Threats and harassments

Government troops set up checkpoints on roads leading to the venue of the celebrations but were ignored by convoys of vehicles carrying visitors to the guerrillas’ celebrations.

More than a dozen journalists also covered the event despite threats by the Magahat paramilitary group that they would kill those who will cover the anniversary celebrations.

In a press conference after the main program, Utok and Front 16 political officer Ka Edroy condemned threats made by Magahat leader Loloy Tejero as part of a single act by the paramilitary group, the Philippine Information Agency and the Aquino government.

“It was the PIA who disseminated Tejero’s threat to kill journalists who will cover our celebrations and it is proof they are colluding in this criminal act,” Ka Edroy said.

Philippine Army public information officer Col. Benjamin Hao however belied the NPA’s accusation as well as claims of increased strength and influence.

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Loved and welcomed. A cultural presentation showing how the NPA guerillas are welcomed and loved by the masses.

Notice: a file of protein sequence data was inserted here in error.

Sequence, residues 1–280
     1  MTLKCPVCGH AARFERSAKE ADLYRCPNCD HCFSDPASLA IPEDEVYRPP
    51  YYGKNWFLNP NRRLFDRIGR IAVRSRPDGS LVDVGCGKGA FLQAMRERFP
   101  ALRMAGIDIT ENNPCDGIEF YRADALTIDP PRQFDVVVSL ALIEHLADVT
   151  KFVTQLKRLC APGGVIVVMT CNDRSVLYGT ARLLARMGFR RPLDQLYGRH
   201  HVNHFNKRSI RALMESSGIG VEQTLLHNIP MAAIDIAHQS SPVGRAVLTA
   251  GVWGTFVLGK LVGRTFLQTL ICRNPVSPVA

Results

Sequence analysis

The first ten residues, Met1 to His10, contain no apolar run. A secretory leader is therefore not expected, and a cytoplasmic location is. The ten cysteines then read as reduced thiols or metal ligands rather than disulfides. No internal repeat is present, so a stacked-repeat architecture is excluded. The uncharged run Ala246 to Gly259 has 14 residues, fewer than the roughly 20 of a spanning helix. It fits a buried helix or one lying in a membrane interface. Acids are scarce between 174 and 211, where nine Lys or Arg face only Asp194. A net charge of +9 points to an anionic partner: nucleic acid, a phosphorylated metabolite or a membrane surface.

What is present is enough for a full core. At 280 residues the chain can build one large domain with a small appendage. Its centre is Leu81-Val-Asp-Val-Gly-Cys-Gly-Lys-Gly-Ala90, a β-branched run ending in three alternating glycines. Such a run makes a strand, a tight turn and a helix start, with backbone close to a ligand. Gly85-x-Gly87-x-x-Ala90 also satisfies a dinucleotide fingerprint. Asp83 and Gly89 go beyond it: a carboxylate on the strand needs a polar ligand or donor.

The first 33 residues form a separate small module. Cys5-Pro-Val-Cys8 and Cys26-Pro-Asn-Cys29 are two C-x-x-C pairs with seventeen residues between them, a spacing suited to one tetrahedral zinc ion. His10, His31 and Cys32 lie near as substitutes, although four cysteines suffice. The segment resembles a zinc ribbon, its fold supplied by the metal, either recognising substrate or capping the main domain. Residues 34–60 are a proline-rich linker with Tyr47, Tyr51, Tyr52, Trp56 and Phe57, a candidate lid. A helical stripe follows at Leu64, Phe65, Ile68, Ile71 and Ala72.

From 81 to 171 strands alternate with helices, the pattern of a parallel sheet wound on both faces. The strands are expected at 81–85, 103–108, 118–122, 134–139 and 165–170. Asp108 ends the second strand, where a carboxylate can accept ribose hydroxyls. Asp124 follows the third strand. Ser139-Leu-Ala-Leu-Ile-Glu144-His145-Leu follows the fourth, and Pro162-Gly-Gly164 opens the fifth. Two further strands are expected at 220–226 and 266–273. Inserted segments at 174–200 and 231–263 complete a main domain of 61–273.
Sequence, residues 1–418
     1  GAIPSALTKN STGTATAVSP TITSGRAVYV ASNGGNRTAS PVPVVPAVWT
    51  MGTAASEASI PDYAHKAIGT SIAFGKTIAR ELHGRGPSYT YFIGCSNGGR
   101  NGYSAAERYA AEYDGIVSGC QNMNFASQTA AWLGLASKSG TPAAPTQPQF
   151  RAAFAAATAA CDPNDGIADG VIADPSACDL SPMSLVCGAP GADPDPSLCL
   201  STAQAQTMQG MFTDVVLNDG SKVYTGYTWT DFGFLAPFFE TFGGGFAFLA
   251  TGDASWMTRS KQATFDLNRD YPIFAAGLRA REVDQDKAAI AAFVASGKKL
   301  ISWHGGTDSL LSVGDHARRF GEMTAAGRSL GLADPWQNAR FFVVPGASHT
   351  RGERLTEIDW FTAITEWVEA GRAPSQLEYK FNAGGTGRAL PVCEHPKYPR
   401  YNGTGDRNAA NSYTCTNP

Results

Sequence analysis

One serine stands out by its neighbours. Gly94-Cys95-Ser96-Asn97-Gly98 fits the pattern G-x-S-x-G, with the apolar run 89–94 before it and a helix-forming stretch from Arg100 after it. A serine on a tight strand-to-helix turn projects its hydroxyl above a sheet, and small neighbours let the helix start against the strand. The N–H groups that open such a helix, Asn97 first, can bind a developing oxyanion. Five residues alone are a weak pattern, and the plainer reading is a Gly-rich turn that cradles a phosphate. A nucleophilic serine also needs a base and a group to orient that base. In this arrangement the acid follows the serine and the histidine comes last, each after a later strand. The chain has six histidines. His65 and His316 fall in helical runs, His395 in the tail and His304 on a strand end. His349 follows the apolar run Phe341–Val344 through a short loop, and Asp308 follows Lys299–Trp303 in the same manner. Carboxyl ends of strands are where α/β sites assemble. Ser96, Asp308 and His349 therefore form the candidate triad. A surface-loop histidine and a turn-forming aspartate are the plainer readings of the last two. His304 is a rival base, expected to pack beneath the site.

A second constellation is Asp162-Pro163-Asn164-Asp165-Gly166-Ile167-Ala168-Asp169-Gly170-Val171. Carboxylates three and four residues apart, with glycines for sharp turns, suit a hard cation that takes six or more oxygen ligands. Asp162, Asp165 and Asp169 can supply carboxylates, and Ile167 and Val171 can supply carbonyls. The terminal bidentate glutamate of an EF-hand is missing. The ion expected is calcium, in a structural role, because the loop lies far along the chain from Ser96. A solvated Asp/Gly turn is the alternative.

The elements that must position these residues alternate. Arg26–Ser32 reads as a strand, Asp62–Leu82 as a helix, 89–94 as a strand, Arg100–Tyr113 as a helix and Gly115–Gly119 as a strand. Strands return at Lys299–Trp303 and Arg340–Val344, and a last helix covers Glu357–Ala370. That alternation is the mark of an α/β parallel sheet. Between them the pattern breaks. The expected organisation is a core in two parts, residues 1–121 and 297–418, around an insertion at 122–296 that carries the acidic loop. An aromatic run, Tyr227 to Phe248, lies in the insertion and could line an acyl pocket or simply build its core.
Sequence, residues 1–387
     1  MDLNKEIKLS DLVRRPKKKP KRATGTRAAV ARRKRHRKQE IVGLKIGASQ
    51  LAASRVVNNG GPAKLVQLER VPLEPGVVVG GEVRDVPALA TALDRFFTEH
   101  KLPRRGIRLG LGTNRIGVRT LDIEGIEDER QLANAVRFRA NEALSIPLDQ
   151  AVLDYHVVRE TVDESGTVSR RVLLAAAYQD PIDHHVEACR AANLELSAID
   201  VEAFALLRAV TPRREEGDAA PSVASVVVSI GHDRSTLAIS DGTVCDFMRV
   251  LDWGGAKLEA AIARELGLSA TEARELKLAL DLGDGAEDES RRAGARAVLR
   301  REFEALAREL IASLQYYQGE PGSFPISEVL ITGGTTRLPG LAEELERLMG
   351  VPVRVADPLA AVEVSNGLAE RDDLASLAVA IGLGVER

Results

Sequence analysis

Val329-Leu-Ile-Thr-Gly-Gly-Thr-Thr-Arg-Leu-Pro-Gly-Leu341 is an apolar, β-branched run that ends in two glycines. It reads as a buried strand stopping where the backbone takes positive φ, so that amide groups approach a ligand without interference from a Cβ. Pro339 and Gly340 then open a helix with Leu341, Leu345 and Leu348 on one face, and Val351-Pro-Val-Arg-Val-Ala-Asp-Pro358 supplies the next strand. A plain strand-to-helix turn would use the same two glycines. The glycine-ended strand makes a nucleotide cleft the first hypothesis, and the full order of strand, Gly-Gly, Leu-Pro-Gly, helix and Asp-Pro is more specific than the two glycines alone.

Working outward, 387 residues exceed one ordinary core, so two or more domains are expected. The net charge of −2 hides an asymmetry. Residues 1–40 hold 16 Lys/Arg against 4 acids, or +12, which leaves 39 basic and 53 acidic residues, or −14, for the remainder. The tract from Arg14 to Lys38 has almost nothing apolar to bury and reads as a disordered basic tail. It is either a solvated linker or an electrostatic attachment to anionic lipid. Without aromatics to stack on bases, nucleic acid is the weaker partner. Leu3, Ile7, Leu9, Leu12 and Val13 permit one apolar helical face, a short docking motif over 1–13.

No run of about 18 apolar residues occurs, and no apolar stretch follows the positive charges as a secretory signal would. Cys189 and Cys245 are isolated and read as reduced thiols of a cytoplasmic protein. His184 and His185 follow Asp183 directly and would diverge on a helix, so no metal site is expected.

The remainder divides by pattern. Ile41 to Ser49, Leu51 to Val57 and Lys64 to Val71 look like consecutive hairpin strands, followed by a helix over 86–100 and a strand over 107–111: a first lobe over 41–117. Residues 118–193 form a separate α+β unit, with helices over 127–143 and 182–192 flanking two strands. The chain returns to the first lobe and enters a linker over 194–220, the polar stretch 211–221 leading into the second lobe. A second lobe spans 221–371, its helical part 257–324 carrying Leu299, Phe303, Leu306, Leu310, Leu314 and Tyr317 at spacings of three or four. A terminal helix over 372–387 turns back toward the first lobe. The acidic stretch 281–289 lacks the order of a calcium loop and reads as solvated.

No SOMO violations by Philippine Army

“The threat of the Magahats, if it is true, is of their own doing.  We do not have anything to do about it,” Hao said.

“If journalists have problems on that, we will provide necessary assistance if they request from us, the PNP (Philippine National Police) or they can file an appropriate case,” Hao added.

The government army spokesperson belied their checkpoints were directed against the NPA and their supporters. He said no operation is conducted to violate the suspension of military operations (SOMO) with the NPA. The checkpoints, Hao claimed, were for the tower posts of the National Grid Corporation of the Philippines (NGCP).

There were no reports of NGCP towers under threat of attack in Kitcharao town where the NPA held their celebrations, however.